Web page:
In one aspect of this invention, there is thus provided a process for forming an amorphous alloy material capable of showing glass transition, the method comprising: holding the material between frames arranged in combination; and heating the material at a temperature between its glass transition temperature (Tg) and its crystallization temperature (Tx) and, at the same time, producing a pressure difference between opposite sides of the material, whereby the material is brought into close contact against a forming mold disposed on one side of the material.
Another aspect of the present invention provides a process for forming an amorphous alloy material capable of showing glass transition, the method comprising: holding the material between frames arranged in combination; and heating the material at a temperature between its glass transition temperature (Tg) and its crystallization temperature (Tx) and, at the same time, producing a pressure difference between opposite sides of the material, whereby a forming mold is pressed against the material.
In both of the above processes, it is preferable to part the thus-formed amorphous alloy material after forcedly cooling the same to Tg or lower.
The amorphous material capable of showing glass transition, which is useful in the practice of such forming processes, can be selected from those represented by any one of the following general formulas (I) to (III):
General formula (I):
Al100-(a+b) M1 a X1 b wherein M1 is at least one element selected from the group consisting of Ti, V, Cr, Mn, Fe, Co, Ni, Cu, Zr, Nb, Mo, Hf, Ta and W; X1 is at least one element selected from the group consisting of Y, La, Ce, Nd, Sm and Gd or Mm (a mischmetal); a and b are 55% or less and 30-90% in terms of atom percent, respectively, and (a+b) is at least 50% in terms of atom percent;
General formula (II):
X2 m M2 n Alp wherein X2 is at least one element selected from the group consisting of Zr and Hf; M2 is at least one element selected from the group consisting of Ni, Cu, Fe, Co and Mn; and m, n and p are 25-85%, 5-70% and 35% or less in terms of atom percent, respectively; and
General formula (III):
Mgx M3 y Lnz or Mgx M3 y X2 q Lnz wherein M3 is at least one element selected from the group consisting of Cu, Ni, Sn and Zn; X2 is at least one element selected from the group consisting of Al, Si and Ca; Ln is at least one element selected from the group consisting of Y, La, Ce, Nd, Sm and Gd or Mm; and x, y, z and q are 40-90%, 4-35%, 4-25% and 2-25% in terms of atom percent, respectively.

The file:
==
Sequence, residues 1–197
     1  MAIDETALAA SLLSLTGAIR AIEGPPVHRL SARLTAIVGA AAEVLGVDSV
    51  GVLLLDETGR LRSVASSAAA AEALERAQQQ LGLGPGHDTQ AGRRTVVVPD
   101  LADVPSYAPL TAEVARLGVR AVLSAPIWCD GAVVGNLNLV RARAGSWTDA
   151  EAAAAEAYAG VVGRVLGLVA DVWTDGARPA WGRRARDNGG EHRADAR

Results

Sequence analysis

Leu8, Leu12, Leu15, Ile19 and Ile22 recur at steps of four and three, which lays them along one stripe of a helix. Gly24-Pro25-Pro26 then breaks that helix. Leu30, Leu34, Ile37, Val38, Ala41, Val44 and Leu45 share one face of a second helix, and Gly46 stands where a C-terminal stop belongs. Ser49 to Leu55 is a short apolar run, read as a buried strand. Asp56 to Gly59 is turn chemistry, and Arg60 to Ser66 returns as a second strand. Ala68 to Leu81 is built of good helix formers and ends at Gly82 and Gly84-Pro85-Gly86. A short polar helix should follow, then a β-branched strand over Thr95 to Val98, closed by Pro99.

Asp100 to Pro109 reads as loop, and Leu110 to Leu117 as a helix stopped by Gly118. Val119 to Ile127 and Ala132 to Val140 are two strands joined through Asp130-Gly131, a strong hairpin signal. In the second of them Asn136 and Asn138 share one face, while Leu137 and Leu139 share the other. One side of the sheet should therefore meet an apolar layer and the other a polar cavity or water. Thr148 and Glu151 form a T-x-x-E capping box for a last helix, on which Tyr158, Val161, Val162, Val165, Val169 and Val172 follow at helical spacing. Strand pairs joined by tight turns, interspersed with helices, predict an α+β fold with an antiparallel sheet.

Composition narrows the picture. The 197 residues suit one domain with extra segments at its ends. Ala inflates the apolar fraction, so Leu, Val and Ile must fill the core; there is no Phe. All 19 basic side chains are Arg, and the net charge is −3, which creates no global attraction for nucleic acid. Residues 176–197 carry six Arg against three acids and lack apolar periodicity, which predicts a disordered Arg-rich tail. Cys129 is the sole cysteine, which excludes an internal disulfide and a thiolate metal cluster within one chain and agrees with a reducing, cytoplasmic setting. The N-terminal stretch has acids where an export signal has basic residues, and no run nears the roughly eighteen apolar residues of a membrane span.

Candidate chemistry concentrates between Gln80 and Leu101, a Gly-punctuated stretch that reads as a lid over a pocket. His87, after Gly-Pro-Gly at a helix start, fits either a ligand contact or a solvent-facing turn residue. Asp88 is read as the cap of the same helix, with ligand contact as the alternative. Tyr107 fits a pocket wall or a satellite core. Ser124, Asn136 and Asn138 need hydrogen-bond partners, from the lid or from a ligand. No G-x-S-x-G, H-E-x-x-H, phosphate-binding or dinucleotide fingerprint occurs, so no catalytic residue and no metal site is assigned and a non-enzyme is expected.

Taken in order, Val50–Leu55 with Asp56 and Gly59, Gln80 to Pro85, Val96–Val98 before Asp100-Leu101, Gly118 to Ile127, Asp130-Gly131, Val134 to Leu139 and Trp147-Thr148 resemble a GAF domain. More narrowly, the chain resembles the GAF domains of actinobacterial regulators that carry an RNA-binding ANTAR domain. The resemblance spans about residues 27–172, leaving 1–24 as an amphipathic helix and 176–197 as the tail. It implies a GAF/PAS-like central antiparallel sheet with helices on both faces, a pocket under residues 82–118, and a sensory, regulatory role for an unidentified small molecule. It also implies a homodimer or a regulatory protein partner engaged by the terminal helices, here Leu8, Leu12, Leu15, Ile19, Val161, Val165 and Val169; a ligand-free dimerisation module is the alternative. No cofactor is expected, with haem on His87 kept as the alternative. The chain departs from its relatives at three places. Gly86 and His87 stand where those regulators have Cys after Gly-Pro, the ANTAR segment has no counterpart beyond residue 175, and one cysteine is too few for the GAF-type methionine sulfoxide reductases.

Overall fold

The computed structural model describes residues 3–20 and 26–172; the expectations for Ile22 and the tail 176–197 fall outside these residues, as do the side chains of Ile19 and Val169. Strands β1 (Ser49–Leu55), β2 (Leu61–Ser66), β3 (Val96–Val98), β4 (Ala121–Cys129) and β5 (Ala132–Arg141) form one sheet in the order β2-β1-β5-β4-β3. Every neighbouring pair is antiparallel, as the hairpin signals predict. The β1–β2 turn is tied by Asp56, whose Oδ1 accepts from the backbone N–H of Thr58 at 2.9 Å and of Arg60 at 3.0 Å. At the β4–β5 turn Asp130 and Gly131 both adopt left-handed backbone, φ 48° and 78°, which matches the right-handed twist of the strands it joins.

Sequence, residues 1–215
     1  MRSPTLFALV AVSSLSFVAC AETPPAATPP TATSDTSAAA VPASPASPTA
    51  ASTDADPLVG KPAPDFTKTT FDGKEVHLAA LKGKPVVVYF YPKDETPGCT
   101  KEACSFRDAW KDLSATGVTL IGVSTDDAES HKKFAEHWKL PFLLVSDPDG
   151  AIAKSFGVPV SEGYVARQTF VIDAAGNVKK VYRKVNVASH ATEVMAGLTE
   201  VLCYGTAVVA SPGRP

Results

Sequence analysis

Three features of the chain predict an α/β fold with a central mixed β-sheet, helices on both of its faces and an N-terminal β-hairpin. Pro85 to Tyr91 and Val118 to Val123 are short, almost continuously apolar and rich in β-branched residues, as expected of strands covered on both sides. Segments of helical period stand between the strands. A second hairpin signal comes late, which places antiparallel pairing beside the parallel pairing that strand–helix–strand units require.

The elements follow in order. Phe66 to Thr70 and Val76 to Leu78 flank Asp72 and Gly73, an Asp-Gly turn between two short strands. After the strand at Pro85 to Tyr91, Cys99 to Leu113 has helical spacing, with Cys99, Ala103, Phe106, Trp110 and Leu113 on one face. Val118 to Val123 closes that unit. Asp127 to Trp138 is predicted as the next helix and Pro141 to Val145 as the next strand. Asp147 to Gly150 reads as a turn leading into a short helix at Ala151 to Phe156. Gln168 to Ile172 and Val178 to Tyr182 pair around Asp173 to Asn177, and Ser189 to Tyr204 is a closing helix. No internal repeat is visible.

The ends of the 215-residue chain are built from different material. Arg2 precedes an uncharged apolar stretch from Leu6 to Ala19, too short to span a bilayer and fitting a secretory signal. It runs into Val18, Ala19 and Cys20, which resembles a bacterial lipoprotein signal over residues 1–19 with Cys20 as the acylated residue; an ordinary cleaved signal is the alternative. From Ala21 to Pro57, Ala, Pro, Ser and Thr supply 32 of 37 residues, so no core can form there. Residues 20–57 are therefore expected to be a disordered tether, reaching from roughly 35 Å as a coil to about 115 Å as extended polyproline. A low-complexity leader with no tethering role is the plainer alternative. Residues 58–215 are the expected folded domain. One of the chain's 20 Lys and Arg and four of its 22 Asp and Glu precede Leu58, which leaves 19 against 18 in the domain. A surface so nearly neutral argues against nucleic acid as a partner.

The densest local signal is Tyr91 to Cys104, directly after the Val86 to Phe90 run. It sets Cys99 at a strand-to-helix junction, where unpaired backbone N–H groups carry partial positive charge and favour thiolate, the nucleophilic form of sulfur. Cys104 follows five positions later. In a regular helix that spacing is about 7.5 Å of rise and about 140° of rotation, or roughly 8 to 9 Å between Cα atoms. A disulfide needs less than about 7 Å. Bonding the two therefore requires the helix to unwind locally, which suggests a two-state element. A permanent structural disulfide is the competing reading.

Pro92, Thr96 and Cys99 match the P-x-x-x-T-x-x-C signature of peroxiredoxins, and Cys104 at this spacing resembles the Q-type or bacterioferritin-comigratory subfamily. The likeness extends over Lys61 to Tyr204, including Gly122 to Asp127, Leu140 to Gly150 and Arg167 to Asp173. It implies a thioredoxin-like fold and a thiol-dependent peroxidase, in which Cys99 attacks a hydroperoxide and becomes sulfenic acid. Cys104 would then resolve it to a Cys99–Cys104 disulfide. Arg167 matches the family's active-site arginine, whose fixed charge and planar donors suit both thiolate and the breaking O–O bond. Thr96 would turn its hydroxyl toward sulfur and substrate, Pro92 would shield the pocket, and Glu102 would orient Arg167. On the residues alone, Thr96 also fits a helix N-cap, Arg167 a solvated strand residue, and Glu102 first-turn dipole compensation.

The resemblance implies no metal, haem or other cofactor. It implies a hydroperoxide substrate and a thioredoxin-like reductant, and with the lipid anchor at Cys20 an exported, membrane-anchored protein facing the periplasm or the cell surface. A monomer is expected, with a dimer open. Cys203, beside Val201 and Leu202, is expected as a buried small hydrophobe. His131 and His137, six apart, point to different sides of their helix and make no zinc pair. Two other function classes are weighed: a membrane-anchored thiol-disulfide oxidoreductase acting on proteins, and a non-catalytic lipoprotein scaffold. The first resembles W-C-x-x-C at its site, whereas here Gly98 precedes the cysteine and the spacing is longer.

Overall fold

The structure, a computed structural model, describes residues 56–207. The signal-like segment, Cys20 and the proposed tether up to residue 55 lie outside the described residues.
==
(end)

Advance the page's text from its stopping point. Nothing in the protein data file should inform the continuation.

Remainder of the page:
FIG. 1 is a schematic illustration of an embodiment of the present invention.
FIG. 2 is a schematic illustration of another embodiment of the present invention.
FIG. 3 is a schematic illustration of the embodiment of FIG. 2, showing an intermediate stage.
FIG. 4 is a schematic illustration of the embodiment of FIG. 2, illustrating a final stage.
FIG. 5 is a schematic illustration of a further embodiment of the present invention.
FIG. 6 is a schematic illustration of one example of production of a forming blank.
FIG. 7 is a schematic illustration of another example of production of a forming blank.
FIG. 8 is a schematic illustration of a further example of production of a forming blank.
These amorphous materials can each be obtained in the form of an amorphous, single-phase, bulk material capable of showing glass transition when its melt is solidified at a cooling rate of 102 K/sec or greater. It is generally known that an alloy capable of showing glass transition forms a supercooled liquid in its glass transition temperature range and can be deformed to significant extent with ease under very small stress (normally, 10 MPa or less). (Before the amorphous alloys disclosed in the above patent applications came to knowledge, there had been no alloy capable of showing glass transition among practical amorphous alloys.)
As a result of a further extensive investigation, the present inventors have also found that, while an amorphous material capable of showing glass transition is in the form of a supercooled liquid, it can be instantaneously subjected to forming operations and can also be fed to every corner of a forming mold, or even to a portion having a complex configuration of small dimensions, and a formed product having uniform thickness distribution can be furnished owing to its large fluidity.